Warriors Orochi 4 Ultimate is the definitive with everything from the original game and its Ultimate Upgrade Pack. Find out if the title’s worth playing in our Warriors Orochi 4 Ultimate review!
The story starts off with Tadakatsu Honda, Naotora Ii, and Naomasa Ii. As they’re heading to fight Hashiba’s forces, they suddenly get enveloped in a strange mist. As they get out of it, they find themselves in a world they don’t know, and end up being attacked by Lu Bu, a warrior from the Three Kingdoms period of Chinese history. Soon after, they’ll meet other people that were also trapped in that mist and ended up in this world. They will encounter enemies that are beyond what they can handle at first and will end up gathering forces on a quest that will unfold to something much bigger than they would’ve expected.
After a quick intro, you are placed in a few battles that will serve as the tutorials for the game. Musou-style games pit you against hundreds of enemies, and this one makes no exception to the genre. Basic controls are rather simple, as you can jump with Cross, do regular attacks with Square and Triangle will perform a more powerful attack (a charge attack for Dynasty Warriors and Warriors Orochi characters, and a Hyper Attack for Samurai Warriors characters). The Circle button is used to do a Musou strike, a powerful attack that can be done once its gauge is filled.
You can control three characters during battles, and you can easily switch between them by pressing the L2 or R2 buttons. Switching after an attack with Triangle can result in Switch combos that can create powerful attacks. While they are not actively fighting, other characters will gradually recover some health. You’ll also quickly gain access to support characters that will not actively fight but will provide boosts for your characters, especially if they have bonds with your Officers.
Outside of battles, there’ll be as much, if not more, things to do. When you’re about to start a battle, you have a menu that will allow you to see the victory and defeat conditions, as well as the battle objectives you’ll be able to achieve. You’ll also be able to choose who your three Officers will be, as well as the support characters you’ll bring with you. Customization options for your weapons and characters will also be available, which opens a whole lot of possibilities for what you can do. Add to that the Bond System that allows you to develop a relationship between characters and you’re in for a lot of time spent between battles preparing yourself.
Visually, the game offers a nice presentation, and I never experienced any type of lag or slowdown, no matter how many enemies were on screen. There are a few things that were a bit annoying, though, such as the small map displayed in battles that’s so small it’s actually difficult to see where you are and in what direction you’re going. There are also some nice Japanese voiceovers during the battles that are subtitled in English, but the problem with this is that when you’re in the midst of the battle, you don’t have the time to look at the text and end up missing on a lot of the lines that unfold during battles.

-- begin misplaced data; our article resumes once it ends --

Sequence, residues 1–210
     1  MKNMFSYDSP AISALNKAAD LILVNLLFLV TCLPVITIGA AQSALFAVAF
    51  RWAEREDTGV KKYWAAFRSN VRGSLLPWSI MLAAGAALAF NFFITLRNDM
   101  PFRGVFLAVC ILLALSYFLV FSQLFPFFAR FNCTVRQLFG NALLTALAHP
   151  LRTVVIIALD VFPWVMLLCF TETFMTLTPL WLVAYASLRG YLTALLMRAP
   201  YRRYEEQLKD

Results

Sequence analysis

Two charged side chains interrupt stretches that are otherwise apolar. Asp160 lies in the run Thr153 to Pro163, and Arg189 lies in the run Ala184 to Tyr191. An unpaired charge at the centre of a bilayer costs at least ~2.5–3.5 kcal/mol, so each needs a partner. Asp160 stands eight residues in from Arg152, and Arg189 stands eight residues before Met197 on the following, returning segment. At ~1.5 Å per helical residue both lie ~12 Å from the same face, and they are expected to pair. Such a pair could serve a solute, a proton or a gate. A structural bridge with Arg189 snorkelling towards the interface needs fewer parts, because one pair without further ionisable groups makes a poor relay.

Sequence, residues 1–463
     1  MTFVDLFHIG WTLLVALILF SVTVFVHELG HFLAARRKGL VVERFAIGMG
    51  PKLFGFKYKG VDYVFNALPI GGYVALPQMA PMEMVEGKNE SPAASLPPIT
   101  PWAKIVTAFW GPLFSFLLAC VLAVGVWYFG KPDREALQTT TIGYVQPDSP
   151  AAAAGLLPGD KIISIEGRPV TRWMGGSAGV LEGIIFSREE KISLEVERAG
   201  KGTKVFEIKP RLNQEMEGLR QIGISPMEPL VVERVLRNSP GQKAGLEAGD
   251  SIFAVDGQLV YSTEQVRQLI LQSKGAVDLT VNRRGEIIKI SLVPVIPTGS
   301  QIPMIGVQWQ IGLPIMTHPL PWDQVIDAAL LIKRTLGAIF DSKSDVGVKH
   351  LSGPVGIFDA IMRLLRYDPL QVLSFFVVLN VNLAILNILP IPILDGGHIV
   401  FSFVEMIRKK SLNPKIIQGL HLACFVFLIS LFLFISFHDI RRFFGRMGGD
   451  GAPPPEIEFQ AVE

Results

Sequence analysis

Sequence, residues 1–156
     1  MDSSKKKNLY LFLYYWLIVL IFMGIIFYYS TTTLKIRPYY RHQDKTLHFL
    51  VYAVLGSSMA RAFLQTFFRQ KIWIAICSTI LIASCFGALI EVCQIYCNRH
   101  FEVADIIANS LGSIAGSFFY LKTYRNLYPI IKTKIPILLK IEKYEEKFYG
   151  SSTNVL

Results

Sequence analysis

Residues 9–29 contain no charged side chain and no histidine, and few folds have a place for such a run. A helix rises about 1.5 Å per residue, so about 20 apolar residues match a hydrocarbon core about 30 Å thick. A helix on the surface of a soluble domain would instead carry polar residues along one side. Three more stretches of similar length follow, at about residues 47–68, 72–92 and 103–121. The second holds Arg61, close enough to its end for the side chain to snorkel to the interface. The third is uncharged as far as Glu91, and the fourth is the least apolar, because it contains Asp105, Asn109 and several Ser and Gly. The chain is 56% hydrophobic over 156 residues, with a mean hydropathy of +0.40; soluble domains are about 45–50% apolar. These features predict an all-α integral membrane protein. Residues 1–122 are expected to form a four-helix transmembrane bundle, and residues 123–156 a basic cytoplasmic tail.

I’m not a big fan of Musou games, but I do have to say it feels great to be able to just destroy hundreds of enemies at a time with a few sword slashes. On that part, this game totally delivers. There’s a lot of content, both from the story and from the modes that were added as part of the Ultimate edition, that can provide you more hours than you could handle to grind it out for all your characters. Speaking of characters, this game has close to 200 characters to choose from, making for one of the most amazing rosters out there!
I also liked all the customization you can do when you’re not in battles. Playing around with weapon dismantling or fusion, upgrading your characters, there’s a lot to get lost in for yours in there. On the other hand, though, and that might be because I haven’t been following this series, the story really didn’t get me. Nothing in it made me want to read through all the dialogues, so I just went through skipping them all.
As for the trophies, if you’re not afraid to spend a lot of time playing the game, it’s nothing that should prove to be a big challenge. A lot of your time will be spent getting an S rating for all missions, as well as completing them all on Chaotic difficulty. Other than that, most of the trophies will come naturally while playing the game, especially if you pay a little attention to them before starting the game.
The Ultimate edition of the game definitely has a lot more to offer than only the original game. The price for only the Upgrade pack is a bit too steep, in my opinion, if you already own the original game and should be put on hold until a major sale happens. But whether you’re getting only the DLC or purchasing the Ultimate edition, the one thing that’s for sure is that you’ll be pleased with what the game has to offer if you’re a fan of Musou style games.
Price: $59.99 USD
PSN Game Size: 21GB
This Warriors Orochi 4 Ultimate review is based on a PlayStation 4 copy provided by KOEI TECMO.